This article may contain affiliate links. Read our Disclosure Policy.

Retirement Jar with Money

More and more people are asking this question as the baby boomers wind on down toward retirement age. I’ve seen it in my own extended family as my parents, aunts and uncles reach their 60’s and beyond. Can I retire yet is becoming an all too common question to which not enough people know the answer.

On that note, I’ve put together a list of benchmarks that can help nearly anyone determine whether or not they’ve reached that golden age where they no longer need to work. Retirement isn’t just about not working – it’s about having the freedom to work or not work and to do what you want to do. Are you at that stage where you are financially prepared to have that choice?

Find Out if You are Ready to Retire

There are several benchmarks you can use that will help you determine whether or not you’re financially ready to have the option of retirement. After you check the benchmarks against your own financial picture, check your score below to help determine how far away you are from retirement readiness.

I Have All Debt Paid Off

Being debt free is a vital component of a successful retirement plan. No debt means no payments to worry about, leaving you with only the need to provide for basic expenses.

I’ve Determined How Much Money I Can Realistically Live on Annually in Retirement

According to the Bureau of Labor Statistics, the average yearly expenses for those aged 65 to 74 was $46,000. In order to be retirement-ready, it’s important to have a realistic and thorough budget figured out that will ensure you know how much money you need to live on in each year of retirement.

I Know How Many Years I Need to Have Provided for in Retirement Savings

If you’re 50 and wanting to retire, chances are you should be planning on having a good 35 years worth of yearly expenses in retirement savings. Talk with a financial planner to determine how many years you’ll need to provide income for via investments in your retirement years.

I’ve Switched My Investments to Lower-Risk Categories

When you’re nearing retirement age, the goal isn’t to grow your money so much as it is to maintain your investment earnings. Lower risk investments may yield a lower ROI (return on investment) but they’ll generally also yield a lower risk of loss of money (check our guide to investing for retirement).

I Have Made a Financial Plan for the Lifestyle I Want to Live During Retirement

Those who are considering retirement will do themselves a favor by making a plan for how they want to live during retirement and will work the numbers to be sure they can live as they desire from a financial standpoint. Champagne tastes on a beer budget don’t work in the real world.

I Have a Plan for Bringing in Extra Income if Need be

Sometimes during retirement there are extra expenses that come up unexpectedly. A plan for bringing in extra money if need be, whether that be through selling an asset or some other means of earning money, means extra security during retirement.

I Have a Solid Estimate of My Post-Retirement Medical Costs

Medical expenses are one of the top items that take retirement dreams away from people in today’s world. Knowing what medical coverage you will have post-retirement and what medical costs you’ll be responsible each month for will help you to budget more wisely as you prepare for retirement.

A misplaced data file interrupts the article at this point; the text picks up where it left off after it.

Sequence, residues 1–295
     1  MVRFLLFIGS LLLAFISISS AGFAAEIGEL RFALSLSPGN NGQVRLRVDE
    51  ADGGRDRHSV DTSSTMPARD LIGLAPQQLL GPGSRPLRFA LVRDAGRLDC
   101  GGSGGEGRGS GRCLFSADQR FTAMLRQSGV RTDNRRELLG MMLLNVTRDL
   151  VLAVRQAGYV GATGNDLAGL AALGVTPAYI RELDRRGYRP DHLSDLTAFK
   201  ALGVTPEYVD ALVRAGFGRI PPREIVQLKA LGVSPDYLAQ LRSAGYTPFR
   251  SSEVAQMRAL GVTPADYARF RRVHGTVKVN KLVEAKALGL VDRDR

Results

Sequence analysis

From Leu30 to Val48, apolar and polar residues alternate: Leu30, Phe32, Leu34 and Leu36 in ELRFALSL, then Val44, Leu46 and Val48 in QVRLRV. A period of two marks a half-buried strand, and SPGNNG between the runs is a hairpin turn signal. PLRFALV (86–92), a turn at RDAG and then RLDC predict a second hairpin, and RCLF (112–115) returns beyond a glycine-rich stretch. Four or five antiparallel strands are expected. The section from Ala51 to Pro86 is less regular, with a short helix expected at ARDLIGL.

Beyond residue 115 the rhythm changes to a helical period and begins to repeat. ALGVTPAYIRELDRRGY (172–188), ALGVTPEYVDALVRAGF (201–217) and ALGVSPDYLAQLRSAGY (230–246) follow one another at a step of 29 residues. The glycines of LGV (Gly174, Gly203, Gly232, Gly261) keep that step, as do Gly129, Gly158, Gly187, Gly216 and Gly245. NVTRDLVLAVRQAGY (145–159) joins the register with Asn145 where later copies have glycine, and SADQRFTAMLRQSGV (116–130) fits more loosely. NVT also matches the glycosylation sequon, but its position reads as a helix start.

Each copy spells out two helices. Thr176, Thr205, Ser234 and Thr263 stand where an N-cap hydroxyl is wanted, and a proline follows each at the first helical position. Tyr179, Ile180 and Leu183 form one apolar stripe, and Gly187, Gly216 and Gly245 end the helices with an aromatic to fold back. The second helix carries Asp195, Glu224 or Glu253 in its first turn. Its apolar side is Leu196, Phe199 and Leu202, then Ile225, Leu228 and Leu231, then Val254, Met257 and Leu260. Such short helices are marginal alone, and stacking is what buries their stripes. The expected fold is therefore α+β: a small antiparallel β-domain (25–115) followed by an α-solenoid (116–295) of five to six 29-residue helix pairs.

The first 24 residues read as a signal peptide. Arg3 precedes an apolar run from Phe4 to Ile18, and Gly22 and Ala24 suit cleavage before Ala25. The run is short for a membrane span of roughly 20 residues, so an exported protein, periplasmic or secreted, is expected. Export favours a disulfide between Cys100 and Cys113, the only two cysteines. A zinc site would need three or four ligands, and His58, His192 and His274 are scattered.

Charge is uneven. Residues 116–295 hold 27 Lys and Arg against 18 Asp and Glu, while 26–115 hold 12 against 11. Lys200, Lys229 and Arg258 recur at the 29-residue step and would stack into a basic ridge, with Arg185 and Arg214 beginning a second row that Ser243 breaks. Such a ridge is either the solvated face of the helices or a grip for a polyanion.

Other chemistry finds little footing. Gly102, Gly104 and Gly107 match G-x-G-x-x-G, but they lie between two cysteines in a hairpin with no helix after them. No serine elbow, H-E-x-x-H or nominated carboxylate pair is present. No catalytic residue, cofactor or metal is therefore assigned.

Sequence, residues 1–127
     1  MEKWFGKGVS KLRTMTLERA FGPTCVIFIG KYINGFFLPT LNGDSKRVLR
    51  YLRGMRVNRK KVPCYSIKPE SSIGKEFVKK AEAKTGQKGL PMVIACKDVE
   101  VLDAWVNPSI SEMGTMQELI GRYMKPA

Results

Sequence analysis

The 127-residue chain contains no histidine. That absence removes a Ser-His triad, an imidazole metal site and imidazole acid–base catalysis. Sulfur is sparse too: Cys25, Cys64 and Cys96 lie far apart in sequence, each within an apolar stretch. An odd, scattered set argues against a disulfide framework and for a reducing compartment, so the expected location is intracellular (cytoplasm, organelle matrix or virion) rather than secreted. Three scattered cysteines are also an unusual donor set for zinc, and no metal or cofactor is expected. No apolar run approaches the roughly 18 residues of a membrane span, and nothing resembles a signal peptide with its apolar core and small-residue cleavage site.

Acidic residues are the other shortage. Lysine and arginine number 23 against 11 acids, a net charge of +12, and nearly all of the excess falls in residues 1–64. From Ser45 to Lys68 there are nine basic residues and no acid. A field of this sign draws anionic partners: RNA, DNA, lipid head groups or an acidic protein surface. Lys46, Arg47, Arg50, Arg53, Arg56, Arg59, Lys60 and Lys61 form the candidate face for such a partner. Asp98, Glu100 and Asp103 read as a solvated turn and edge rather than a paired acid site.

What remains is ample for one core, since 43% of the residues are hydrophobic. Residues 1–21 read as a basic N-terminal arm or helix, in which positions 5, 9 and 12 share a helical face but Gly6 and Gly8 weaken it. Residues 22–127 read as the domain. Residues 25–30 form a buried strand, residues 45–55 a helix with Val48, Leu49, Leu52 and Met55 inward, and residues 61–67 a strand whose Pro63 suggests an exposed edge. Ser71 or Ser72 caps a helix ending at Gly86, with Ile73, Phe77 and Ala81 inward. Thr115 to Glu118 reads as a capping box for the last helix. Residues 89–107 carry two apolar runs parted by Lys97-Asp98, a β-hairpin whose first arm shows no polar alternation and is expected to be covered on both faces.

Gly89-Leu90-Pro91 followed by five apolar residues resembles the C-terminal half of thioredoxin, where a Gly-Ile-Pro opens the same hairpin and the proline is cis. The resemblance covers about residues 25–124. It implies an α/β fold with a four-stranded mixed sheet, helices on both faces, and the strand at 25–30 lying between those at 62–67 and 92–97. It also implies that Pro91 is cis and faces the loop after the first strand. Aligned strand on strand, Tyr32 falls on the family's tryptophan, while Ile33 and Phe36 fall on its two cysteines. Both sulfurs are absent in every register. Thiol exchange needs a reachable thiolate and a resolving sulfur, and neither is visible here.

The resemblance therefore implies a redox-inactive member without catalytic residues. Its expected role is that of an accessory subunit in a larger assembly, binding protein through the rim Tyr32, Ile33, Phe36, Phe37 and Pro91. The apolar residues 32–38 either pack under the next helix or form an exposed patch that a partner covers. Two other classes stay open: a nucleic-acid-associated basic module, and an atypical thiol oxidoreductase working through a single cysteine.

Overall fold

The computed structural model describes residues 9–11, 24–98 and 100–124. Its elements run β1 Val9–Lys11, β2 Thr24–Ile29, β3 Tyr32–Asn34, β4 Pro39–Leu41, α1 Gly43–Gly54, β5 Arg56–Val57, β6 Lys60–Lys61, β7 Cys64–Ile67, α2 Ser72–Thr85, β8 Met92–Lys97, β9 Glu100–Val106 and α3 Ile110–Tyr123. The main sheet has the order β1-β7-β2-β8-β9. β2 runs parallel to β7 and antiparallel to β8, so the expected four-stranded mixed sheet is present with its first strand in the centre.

I’ve Created a “Bare-Bones” Retirement Budget as a Backup Plan

As you plan for retirement, there should be two budgets in your financial game plan arsenal: the first should entail your ideal budget where you have the freedom to spend according to your original plan. The second budget should be a “bare bones” budget where you know exactly how much you need to live on without any extras. Knowing both of these numbers will give you some added security against unexpected expenses.

I’ve Mapped Out Other Potential Living Arrangements if My First Choice Doesn’t Pan Out

Living expenses can be another costly post-retirement snafu. It’s important as you plan to retire that you have two or so backup living arrangement plans that are affordable for you in retirement if your first plan for where and how you’ll live doesn’t end up working out.

I’ve Created a Plan for Potentially Deteriorating Health

Chronically deteriorating health or even acute health problems can drain retirement savings very quickly. While most states have programs that will help a retired person pay for some expenses should they not be able to afford it, many of those programs require that your retirement savings be used first. For this reason it’s important to have a plan for a situation where you may need to provide for mounting health care costs, just in case.

Score Your Retirement Readiness Below

8-10: Chances are you’re ready to retire!! Meet with a financial coach and/or financial planner to make sure, and then hand in that resignation when you’re ready!

4-7: You’re well on your way! You may have a few more things that you need to do, however, before you turn in your notice. A trusted financial advisor can help you determine the next steps you need to take.

1-3: You’ve got a good start, but there’s more work to do. Focus primarily on making sure debt is paid off and on saving, saving, saving as you work to better position yourself for your impending retirement.

So: How did you score? How close are you to being ready to retire? What steps do you need to take to get there?